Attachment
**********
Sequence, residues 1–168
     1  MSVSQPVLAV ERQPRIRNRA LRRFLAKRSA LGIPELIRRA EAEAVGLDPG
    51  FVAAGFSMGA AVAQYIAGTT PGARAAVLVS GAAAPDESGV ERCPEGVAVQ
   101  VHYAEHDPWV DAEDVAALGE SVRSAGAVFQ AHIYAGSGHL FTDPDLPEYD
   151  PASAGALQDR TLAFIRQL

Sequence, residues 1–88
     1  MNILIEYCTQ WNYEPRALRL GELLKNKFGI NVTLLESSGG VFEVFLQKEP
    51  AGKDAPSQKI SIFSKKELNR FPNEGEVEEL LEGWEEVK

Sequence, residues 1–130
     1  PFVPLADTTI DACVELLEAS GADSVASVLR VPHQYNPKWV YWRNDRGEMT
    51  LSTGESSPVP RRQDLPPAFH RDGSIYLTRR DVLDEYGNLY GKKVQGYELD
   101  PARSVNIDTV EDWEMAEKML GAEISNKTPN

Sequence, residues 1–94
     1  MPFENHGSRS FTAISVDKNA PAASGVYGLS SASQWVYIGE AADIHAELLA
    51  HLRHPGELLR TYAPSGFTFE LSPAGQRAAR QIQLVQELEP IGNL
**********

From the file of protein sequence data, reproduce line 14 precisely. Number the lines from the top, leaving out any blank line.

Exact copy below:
     1  MPFENHGSRS FTAISVDKNA PAASGVYGLS SASQWVYIGE AADIHAELLA